With this in mind, we thought that bringing cases that seem absurd and unrealistic at first, but are nonetheless true, can be one litigation tactic that can be used to bring home the extent to which digital rights are under attack. Cases that convey the feeling: “this could also happen to me.” And cases that almost everyone can relate to and feel threatened by.

We decided to focus on cases regarding the use of algorithms and decisions by computers/artificial intelligence.

We came up with four possible scenarios of cases that could help us “win”:

  • A baby profiled as a terrorist. Unfortunately, we already know of one baby that was profiled based on an algorithm and whose diapers were searched by border police. This is of course absurd (babies do not have detectable political views, and even if they had, they could not act upon them), but we discussed that perhaps not everyone could relate to this (“I have no ‘risky’ name and/or flight patterns, so this does not concern my children”);
  • A person who is charged more to buy a car or get a service, because of their data profile. Quite some research has already been done that shows that algorithms (often containing a fair number of errors) resulted in people wrongly being denied services or credit. A case where a biased algorithm charges more for a service or product (that has nothing to do with the bias) could be a good case to show that algorithmic decision-making can affect everyone.
  • A child taken away from its parents by child care authorities based on data analysis. To detect whether children are at risk of abuse or in an unsafe situation, child protection agencies are making use of algorithms. There have already been incidents reported where children have been taken away from parents (partly) based on biased algorithms. Most people would probably accept that decisions regarding children being taken from their families is one field in which a fully human, contextual viewpoint is needed and where the margin of error should be low. Litigation around an awful situation that shows how this can go wrong could be very powerful.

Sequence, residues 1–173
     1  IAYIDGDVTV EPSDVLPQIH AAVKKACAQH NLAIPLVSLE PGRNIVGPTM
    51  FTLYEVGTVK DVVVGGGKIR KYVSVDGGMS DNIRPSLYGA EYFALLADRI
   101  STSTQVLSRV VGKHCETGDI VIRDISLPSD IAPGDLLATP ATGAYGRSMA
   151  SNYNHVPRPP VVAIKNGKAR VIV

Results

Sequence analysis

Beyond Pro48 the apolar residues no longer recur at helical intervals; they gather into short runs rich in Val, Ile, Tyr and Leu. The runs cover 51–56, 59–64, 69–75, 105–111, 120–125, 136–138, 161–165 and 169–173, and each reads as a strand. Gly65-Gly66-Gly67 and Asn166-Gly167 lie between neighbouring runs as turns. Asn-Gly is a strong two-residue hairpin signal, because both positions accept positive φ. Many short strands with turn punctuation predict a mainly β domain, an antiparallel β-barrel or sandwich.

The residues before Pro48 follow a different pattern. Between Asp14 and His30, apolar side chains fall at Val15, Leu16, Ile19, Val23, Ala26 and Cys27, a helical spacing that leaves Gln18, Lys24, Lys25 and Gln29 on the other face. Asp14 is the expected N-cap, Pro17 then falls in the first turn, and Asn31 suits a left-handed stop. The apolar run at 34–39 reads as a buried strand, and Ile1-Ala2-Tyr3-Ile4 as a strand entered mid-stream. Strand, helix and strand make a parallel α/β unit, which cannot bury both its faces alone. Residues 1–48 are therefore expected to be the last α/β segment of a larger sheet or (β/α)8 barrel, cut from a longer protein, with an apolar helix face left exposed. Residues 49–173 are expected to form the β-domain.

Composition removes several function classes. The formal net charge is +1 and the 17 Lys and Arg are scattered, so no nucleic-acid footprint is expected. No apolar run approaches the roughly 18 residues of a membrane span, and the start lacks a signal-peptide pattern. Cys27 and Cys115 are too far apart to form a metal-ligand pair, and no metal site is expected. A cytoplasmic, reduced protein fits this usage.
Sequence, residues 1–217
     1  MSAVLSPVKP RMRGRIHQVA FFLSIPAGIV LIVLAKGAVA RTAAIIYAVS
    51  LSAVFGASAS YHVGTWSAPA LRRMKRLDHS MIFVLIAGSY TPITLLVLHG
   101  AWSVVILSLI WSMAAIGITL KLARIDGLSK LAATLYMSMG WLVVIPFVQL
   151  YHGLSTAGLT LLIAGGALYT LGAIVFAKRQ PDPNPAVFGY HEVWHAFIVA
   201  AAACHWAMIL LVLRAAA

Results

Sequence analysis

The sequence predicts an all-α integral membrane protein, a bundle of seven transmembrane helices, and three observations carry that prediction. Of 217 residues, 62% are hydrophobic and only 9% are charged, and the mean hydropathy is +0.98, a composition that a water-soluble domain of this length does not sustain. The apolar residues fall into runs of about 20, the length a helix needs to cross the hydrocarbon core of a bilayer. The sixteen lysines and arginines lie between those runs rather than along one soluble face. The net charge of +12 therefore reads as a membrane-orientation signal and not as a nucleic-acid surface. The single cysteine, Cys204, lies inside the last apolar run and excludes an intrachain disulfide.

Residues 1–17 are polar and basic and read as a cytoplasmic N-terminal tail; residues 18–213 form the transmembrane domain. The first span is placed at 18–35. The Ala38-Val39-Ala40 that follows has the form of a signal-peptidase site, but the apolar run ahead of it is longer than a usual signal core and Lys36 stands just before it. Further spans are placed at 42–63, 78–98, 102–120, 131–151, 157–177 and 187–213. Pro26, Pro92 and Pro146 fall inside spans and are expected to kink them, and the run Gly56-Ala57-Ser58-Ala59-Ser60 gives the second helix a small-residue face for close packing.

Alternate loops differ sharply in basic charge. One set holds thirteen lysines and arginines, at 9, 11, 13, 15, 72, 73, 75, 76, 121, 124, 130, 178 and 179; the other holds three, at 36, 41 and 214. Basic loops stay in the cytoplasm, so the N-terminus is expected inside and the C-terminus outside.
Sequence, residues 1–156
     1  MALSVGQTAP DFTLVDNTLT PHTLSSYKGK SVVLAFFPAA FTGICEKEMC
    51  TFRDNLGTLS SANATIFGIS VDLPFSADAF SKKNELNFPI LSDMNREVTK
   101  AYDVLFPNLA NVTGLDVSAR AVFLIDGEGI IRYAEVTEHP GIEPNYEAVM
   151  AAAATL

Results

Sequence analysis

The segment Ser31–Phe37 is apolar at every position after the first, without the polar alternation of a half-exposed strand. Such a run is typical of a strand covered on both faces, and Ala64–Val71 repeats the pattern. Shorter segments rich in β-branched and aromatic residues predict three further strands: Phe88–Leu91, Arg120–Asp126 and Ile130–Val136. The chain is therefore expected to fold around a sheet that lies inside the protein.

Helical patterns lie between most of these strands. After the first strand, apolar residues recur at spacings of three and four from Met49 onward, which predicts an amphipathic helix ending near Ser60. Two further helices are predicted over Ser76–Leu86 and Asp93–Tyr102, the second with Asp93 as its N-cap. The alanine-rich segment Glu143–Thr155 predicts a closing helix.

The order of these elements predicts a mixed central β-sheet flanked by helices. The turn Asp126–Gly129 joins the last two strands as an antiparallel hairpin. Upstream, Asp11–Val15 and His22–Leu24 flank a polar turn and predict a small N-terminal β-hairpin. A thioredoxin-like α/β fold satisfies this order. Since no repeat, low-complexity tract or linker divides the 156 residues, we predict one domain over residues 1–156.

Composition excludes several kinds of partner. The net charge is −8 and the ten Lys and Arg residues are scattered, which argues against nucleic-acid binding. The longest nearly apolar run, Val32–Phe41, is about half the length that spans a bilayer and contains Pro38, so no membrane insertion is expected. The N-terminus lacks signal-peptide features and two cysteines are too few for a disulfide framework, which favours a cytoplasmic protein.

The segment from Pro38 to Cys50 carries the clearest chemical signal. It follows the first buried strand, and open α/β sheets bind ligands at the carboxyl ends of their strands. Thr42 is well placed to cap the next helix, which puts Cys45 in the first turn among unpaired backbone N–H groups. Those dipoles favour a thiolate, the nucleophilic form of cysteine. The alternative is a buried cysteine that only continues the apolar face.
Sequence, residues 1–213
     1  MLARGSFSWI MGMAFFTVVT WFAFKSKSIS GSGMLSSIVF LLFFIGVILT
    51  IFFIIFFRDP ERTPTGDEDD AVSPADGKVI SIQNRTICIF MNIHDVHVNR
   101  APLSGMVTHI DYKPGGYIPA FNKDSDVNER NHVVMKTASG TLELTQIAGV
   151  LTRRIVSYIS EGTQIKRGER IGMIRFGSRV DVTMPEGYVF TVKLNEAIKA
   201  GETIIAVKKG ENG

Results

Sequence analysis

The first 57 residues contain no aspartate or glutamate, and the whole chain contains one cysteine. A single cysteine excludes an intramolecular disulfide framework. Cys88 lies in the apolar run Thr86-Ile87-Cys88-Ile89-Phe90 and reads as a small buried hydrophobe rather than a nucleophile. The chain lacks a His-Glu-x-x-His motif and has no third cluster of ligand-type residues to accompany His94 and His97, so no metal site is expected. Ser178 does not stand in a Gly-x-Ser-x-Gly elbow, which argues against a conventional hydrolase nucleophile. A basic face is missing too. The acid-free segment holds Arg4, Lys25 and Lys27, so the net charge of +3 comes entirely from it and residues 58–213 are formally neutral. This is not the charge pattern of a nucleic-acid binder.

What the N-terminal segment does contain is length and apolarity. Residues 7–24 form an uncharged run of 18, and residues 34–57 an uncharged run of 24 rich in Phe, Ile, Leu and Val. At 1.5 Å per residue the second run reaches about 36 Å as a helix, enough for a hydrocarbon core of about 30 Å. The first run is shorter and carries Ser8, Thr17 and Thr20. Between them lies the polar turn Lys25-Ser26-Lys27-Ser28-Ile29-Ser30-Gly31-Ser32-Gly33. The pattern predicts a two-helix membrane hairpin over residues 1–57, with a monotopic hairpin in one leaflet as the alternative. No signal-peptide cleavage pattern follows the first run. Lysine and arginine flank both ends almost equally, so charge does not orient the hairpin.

• Essential medical supplies not being delivered to a household because the area is deemed off limits. We have already seen this happen: some areas, with a bad reputation or poorer population, receive worse or no delivery of products by some companies. This policy can stem from algorithms based on discriminatory data. A possible litigation strategy would be to go for a house right next to a poor area, to show the spillover effects of such algorithms’ decision-making.

Interesting raw first ideas, in my opinion, that could be expanded upon and further explored.

The workshop reminded us that we have to prepare for the future. Proactively thinking about campaigning and strategic litigation, not just as a reaction to a new harmful practice, is a very good way to do so. Creating or finding the case or incident that can really grab the attention of a larger group of people, outside the digital rights community, could help build a stronger, more cross-disciplinary movement or make these already existing movements bigger and broader.

The digital rights movement is already very aware of the digital rights violations in the present. It could also prepare to find, amplify and effectively respond to incidents in the future that, for instance, warn the general public about algorithms and computer decisions.

About the author: Jelle Klaas is the litigation director of the Nederlands Juristin Comité voor de Mensenrechten (NJCM — Dutch Legal Committee for Human Rights) and responsible for their Public Interest Litigation Project (PILP).